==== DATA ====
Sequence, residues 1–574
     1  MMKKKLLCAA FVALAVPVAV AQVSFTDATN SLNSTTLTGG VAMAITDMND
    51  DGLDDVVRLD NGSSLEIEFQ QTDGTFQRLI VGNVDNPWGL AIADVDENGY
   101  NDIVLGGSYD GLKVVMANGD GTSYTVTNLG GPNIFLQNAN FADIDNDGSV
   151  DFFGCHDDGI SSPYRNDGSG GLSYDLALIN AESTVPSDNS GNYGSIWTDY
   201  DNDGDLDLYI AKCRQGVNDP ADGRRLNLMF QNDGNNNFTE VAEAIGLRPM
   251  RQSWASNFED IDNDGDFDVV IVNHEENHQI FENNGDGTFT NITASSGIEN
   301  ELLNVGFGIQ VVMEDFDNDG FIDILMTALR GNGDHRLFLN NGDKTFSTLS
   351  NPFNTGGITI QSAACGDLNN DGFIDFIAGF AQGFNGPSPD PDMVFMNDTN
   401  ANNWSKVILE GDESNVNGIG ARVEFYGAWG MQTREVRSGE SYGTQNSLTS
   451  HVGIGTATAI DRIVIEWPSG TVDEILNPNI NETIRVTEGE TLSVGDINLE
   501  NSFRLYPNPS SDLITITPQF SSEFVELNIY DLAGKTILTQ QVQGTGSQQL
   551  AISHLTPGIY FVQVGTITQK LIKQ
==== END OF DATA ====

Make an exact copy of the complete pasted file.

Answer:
Sequence, residues 1–574
     1  MMKKKLLCAA FVALAVPVAV AQVSFTDATN SLNSTTLTGG VAMAITDMND
    51  DGLDDVVRLD NGSSLEIEFQ QTDGTFQRLI VGNVDNPWGL AIADVDENGY
   101  NDIVLGGSYD GLKVVMANGD GTSYTVTNLG GPNIFLQNAN FADIDNDGSV
   151  DFFGCHDDGI SSPYRNDGSG GLSYDLALIN AESTVPSDNS GNYGSIWTDY
   201  DNDGDLDLYI AKCRQGVNDP ADGRRLNLMF QNDGNNNFTE VAEAIGLRPM
   251  RQSWASNFED IDNDGDFDVV IVNHEENHQI FENNGDGTFT NITASSGIEN
   301  ELLNVGFGIQ VVMEDFDNDG FIDILMTALR GNGDHRLFLN NGDKTFSTLS
   351  NPFNTGGITI QSAACGDLNN DGFIDFIAGF AQGFNGPSPD PDMVFMNDTN
   401  ANNWSKVILE GDESNVNGIG ARVEFYGAWG MQTREVRSGE SYGTQNSLTS
   451  HVGIGTATAI DRIVIEWPSG TVDEILNPNI NETIRVTEGE TLSVGDINLE
   501  NSFRLYPNPS SDLITITPQF SSEFVELNIY DLAGKTILTQ QVQGTGSQQL
   551  AISHLTPGIY FVQVGTITQK LIKQ